The Emerald in 2008
|Name:||1958–1992: Santa Rosa
1992–1996: Regent Rainbow
1997–2008: The Emerald
|Owner:||1958–1989: Grace Line
1989–1992: Lelakis Group
1992–1996: Regency Cruises
1996–2012: Louis Cruise Lines
|Operator:||1958–1971: Grace Line
1992–1995: Regency Cruises
1997–2008: Thomson Cruises
2008–2009: Louis Cruise Lines
|Port of registry:||1997–1998: Nassau, Bahamas
1998–2002: Limassol, Cyprus
2002: Nassau, Bahamas
2009–2012: Pireus, Greece
|Builder:||Newport News Shipbuilding and Drydock|
|Cost:||US $25 million|
|Laid down:||January 15, 1957|
|Launched:||August 28, 1957|
|Completed:||June 19, 1958|
|Out of service:||2009|
|Identification:||IMO number: 5312824
MMSI number: 239942000
|Length:||177.88 m (584 ft)|
|Beam:||25.6 m (84 ft 0 in)|
|Speed:||17 knots (31 km/h; 20 mph)|
SS Emerald was a cruise ship owned by the Cyprus-based shipping company Louis Cruise Lines. She was built in 1958 by the Newport News Shipbuilding and Drydock company in Newport News, Virginia, United States, for the Grace Line, as the Santa Rosa. Between 1992 and 1995, she sailed for Regency Cruises as the Regent Rainbow and between 1997 and 2008, she sailed for Thomson Cruises, as The Emerald. Before retiring in 2009, she was the last passenger liner built at a U.S. shipyard that was still in active service.
Design and construction
In 1956, the Grace Line ordered two new ships to replace the aging 1932-built sisters, Santa Rosa and Santa Paula. Gibbs & Cox had designed the older two ships and would now design their successors. These modern ocean liners were built by Newport News Shipbuilding and Drydock, Newport News, Virginia, USA and were to be the last passenger ocean liners built entirely in the U.S. Passengers enjoyed full air conditioned comfort and the ship was equipped with Gyrofin stabilisers. The interior was fireproofed with aluminum. Accommodations were spacious with all cabins facing outside and having private baths. Passenger ships of the day also handled cargo, and her two aft cargo holds had side doors and automatic conveyors to quickly move pallets on and off the ship, thus giving her a rapid turn-around at port. Santa Rosa was launched on 28 August 1957 and was delivered on 12 June 1958.
1958–1971: Santa Rosa
The new Santa Rosa and Santa Paula entered service on the New York to South America and the Caribbean for Grace Line. Santa Rosa sailed on her maiden voyage from New York on 26 June 1958.
Collision with the SS Valchem
In the early morning hours of 26 March 1959, Santa Rosa was returning to New York in heavy fog. She was 22 miles east of Atlantic City, N.J., when she collided with the tanker SS Valchem. No one was injured on the liner but one crewman from the tanker was killed, three were missing and their bodies never found, and 16 were injured. Santa Rosa’s bow punched a cavity extending halfway into the tanker and caused flooding of the lower engine room with resultant loss of power. Two boilers were also demolished. The funnel of the Valchem and adjacent vents were scooped off the tanker and carried onto Santa Rosa’s bow. Santa Rosa sustained heavy damage but was repaired and returned to service.
1971–1992: Inactivity and modernisation
In 1970, the Grace Line merged with Prudential Lines to become Prudential - Grace Lines. Santa Rosa sailed for another year but in 1971, passenger operations ceased and both she and the Santa Paula were laid up at Hampton Roads in Virginia and put up for sale. Santa Rosa was sold to Vintero Corp. of New York in 1975, to operate South American service once again, but this venture failed and the ship remained idle. In 1989, she was sold to Coral Cruise Lines, part of the Lelakis Group, and towed to Greece that December. In March 1990, the Santa Rosa arrived in Chalkis, Greece to be modernised and Coral Cruises renamed her Pacific Sun, then Diamond Island. Owned by the Greek Lelakis Group, she was substantially rebuilt at the cost of US$70 million in the Lelakis shipyard. She emerged in 1991, with a greatly expanded superstructure above her unaltered hull, and was barely recognisable, although unusually, she kept her steam turbine engines.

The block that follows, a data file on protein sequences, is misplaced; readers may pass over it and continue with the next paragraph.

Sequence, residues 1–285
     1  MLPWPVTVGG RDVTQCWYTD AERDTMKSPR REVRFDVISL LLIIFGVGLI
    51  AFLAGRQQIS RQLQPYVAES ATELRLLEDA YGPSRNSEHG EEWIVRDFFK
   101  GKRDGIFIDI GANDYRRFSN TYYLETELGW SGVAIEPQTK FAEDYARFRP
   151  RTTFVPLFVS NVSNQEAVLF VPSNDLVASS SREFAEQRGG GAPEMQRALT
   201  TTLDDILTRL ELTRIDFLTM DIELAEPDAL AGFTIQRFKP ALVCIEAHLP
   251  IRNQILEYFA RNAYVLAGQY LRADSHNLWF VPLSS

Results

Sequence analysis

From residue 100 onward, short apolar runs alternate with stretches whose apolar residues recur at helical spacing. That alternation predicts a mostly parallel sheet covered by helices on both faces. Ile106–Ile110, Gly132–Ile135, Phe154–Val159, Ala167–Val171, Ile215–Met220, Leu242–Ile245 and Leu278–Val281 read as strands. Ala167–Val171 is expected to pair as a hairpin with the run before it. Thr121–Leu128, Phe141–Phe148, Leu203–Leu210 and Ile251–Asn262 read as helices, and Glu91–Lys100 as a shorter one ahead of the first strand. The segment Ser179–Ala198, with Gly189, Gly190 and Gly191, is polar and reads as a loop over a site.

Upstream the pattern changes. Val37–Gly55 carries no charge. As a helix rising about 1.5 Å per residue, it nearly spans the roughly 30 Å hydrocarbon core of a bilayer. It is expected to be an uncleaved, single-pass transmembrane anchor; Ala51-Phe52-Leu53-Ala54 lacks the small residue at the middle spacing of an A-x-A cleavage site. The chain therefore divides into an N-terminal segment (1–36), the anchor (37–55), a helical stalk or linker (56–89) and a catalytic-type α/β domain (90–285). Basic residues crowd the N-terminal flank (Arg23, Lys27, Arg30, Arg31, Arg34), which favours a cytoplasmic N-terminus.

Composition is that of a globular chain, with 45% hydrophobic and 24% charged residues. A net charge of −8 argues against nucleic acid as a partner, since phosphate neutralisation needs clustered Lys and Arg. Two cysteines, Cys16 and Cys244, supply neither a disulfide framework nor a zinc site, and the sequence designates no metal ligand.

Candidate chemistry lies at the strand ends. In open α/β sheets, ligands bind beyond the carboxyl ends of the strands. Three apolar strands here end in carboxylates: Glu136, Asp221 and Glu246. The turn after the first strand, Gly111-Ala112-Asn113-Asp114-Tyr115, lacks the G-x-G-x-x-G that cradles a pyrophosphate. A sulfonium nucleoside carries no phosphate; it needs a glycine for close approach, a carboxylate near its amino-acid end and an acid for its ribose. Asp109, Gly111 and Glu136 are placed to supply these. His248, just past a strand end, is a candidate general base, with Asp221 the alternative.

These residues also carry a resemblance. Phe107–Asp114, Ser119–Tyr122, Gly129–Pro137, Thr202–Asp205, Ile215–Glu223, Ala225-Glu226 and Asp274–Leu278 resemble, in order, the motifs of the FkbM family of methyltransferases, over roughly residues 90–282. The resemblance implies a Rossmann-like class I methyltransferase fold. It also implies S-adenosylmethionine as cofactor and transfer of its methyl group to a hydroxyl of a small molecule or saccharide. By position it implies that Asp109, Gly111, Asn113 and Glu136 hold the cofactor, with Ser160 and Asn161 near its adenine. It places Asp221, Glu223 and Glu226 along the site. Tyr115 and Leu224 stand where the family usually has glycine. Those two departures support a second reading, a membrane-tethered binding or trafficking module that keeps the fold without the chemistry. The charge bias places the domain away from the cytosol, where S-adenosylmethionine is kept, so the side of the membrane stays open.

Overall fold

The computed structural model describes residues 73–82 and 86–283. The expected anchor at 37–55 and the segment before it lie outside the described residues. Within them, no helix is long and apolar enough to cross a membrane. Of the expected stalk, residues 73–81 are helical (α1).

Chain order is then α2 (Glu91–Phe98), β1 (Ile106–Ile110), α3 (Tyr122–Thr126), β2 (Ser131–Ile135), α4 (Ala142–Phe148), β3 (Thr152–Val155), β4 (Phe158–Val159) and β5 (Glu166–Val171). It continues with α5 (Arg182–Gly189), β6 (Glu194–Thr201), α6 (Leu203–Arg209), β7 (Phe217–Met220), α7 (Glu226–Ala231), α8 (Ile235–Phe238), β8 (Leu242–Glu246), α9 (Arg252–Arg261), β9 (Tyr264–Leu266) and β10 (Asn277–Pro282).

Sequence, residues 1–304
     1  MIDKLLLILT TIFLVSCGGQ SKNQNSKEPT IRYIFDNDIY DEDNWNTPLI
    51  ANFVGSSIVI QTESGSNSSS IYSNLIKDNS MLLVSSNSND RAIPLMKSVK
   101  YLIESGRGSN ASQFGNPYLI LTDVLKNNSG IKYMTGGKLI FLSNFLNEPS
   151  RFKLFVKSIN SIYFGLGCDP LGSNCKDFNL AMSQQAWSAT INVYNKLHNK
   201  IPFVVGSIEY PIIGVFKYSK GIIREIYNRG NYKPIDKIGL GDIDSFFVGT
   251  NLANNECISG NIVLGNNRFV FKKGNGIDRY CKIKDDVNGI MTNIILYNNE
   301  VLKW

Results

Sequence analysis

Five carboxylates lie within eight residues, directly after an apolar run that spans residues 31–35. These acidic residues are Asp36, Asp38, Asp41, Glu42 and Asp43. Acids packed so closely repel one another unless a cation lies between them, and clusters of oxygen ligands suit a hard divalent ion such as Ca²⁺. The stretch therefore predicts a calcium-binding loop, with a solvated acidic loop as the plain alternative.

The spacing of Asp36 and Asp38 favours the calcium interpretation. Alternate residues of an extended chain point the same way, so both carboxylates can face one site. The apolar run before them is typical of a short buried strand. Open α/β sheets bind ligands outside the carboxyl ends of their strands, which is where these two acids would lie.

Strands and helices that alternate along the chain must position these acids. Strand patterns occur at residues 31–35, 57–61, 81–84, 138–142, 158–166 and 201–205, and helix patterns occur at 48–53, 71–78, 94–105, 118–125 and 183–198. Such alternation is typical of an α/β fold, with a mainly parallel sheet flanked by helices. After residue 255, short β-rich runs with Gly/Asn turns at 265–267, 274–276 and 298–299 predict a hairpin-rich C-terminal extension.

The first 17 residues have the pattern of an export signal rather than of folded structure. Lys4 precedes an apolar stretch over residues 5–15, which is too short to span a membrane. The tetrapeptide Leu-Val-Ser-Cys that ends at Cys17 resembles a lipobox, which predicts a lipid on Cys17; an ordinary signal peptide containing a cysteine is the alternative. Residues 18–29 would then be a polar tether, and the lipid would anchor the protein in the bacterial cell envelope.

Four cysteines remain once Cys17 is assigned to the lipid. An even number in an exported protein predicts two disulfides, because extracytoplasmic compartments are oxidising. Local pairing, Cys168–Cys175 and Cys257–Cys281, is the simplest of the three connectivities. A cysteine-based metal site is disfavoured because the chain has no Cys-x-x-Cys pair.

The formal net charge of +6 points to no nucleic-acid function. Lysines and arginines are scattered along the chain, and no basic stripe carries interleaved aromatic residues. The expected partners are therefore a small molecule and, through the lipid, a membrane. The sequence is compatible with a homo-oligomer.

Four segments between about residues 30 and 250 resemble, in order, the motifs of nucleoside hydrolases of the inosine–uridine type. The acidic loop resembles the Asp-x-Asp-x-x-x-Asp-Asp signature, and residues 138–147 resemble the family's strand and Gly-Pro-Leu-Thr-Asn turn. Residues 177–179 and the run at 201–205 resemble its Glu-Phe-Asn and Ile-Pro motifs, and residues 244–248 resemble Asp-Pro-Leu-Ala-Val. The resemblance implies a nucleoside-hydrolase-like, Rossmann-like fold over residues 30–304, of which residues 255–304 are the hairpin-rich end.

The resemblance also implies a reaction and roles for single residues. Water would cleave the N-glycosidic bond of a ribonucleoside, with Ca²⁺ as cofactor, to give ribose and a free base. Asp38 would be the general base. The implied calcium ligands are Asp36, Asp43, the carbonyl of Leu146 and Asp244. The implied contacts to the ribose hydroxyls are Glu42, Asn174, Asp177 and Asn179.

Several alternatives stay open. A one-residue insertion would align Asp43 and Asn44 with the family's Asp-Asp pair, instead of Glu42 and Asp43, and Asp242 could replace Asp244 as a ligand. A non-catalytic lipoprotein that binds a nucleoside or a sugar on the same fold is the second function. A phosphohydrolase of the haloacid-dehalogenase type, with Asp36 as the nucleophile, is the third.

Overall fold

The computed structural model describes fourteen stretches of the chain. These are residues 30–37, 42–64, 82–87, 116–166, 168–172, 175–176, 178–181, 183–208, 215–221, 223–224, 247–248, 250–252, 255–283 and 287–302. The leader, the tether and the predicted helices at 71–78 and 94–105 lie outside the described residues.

1992–1996: Regent Rainbow
The modernised ship entered service under Regency Cruises as the popular Regent Rainbow from 1992, until Regency Cruises suffered extensive losses and was declared bankrupt in 1995. The Regent Rainbow was placed under arrest on 27 November of that year and, in December 1996, was sold to the Cyprus-based Louis Cruise Lines and renamed the Emerald.
1996–2009: Emerald and The Emerald
In 1997, the Emerald was chartered to Thomson Cruises and renamed The Emerald, operating cruises for the British market. During her time with Thomson, she became the company's most popular ship, and remained in service with them until November 2008, when she was dropped in favor of a larger, more modern and economical vessel. Hereafter, she was again renamed Emerald and saw limited further service for Louis until 2009, when the company announced that she was being laid up and most likely would not sail again.
Following the departure of Emerald from their service, Louis looked for other owners who would operate her for further use, since she met SOLAS 2010 regulations, but she remained laid up at Eleusis, alongside the Sapphire. In 2011, both ships were inspected by scrappers, and the following year, the Sapphire was sold for scrap and beached in Alang, India. Emerald departed Greece in July 2012, also on her way to the scrapyard in Alang.
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- [TUI brochures]
- Brokeback PLATINUM
- THE EMERALD of Eleusis
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